Give Me Oxygen (or Not)

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Science  25 Jan 2008:
Vol. 319, Issue 5862, pp. 387
DOI: 10.1126/science.319.5862.387d

Recent memorial tributes celebrating the accomplishments of Sir Edmund Hillary, one of the first two men to scale Mount Everest, are a fascinating reminder of the ability of mammals to tolerate low oxygen levels (hypoxia). The physiological response to hypoxia involves the transmission of signals from cellular oxygen-sensing pathways to metabolic enzymes that consume oxygen, but how this occurs is poorly understood. Aragonés et al. have studied mice that are deficient in an oxygen-sensitive enzyme that regulates the stability of a transcription factor (hypoxia-inducible factor-1), which is known to activate genes involved in cellular adaptations to hypoxia. Analysis of skeletal muscle in the mutant mice revealed that the loss of this enzyme, called prolyl hydroxylase-1 (Phd1), lowered oxygen consumption by reprogramming basal metabolism; that is, by inducing a selective decrease in glucose oxidation and a switch to more anaerobic glycolysis. Muscle tissue in the Phd1-deficient mice was protected from the necrosis typically seen under acute oxygen deprivation, an outcome apparently due to reduced formation of harmful reactive oxygen species. These findings not only identify Phd1 as a key molecular player regulating hypoxia tolerance but raise the possibility that pharmacological inhibition of the enzyme could have beneficial effects in diseases characterized by oxidative stress and ischemic damage. — PAK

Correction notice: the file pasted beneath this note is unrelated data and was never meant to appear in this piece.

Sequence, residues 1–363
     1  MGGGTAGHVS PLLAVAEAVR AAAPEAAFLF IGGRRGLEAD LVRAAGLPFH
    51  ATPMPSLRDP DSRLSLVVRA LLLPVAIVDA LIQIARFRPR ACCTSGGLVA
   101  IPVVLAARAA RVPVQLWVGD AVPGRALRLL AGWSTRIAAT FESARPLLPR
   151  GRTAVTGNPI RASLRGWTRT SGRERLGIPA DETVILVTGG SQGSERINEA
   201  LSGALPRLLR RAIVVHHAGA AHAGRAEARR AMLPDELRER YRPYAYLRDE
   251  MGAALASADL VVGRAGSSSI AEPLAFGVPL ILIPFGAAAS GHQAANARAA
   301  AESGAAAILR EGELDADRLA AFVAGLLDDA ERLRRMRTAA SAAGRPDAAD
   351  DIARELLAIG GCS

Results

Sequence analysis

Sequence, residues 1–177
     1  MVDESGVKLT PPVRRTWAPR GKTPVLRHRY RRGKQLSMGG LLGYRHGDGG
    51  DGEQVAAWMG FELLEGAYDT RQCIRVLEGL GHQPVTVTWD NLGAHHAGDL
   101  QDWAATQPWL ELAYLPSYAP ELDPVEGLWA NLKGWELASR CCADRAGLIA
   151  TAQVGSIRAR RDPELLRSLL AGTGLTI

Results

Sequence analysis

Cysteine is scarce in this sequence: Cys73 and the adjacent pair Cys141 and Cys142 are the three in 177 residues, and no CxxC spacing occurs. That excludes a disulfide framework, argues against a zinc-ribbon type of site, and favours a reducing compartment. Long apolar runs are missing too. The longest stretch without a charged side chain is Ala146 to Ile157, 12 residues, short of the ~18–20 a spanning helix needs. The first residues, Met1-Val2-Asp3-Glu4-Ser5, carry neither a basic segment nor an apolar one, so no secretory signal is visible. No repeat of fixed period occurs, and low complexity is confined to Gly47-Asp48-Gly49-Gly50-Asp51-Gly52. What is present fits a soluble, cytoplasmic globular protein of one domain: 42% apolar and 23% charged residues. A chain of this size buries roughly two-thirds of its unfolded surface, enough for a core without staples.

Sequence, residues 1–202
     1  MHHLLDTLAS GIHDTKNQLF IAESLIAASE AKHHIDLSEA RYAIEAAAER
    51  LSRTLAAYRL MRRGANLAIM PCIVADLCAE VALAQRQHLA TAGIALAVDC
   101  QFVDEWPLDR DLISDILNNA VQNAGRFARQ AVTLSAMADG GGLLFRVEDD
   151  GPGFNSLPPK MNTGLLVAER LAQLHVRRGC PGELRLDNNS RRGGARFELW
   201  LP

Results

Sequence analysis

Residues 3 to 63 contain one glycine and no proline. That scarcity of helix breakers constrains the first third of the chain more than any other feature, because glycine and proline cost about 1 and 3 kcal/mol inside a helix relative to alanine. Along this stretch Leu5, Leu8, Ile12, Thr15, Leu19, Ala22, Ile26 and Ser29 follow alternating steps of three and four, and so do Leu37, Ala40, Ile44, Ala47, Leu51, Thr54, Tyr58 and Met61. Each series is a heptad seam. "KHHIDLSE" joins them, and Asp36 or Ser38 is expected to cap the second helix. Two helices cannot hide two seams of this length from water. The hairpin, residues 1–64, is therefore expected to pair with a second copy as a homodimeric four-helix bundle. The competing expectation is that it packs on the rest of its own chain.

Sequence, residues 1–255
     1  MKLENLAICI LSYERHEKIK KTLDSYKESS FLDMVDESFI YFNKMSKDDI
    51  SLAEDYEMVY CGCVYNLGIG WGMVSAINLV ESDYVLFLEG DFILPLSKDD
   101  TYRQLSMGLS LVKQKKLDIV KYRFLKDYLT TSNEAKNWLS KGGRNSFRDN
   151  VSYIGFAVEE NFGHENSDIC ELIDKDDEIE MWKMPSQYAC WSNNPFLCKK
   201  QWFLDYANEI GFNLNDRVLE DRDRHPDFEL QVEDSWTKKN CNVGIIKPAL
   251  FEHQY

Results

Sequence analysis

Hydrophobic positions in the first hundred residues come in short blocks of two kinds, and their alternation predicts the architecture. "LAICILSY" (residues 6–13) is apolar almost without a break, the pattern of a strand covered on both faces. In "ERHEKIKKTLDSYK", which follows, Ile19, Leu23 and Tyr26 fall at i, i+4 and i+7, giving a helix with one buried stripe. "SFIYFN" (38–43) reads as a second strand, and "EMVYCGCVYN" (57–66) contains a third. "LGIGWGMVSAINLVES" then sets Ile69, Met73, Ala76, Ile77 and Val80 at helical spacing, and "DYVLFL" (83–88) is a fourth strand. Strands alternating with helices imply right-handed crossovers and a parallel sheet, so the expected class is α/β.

Nat. Genet. 40, 10.1038/ng.2007.62 (2008).

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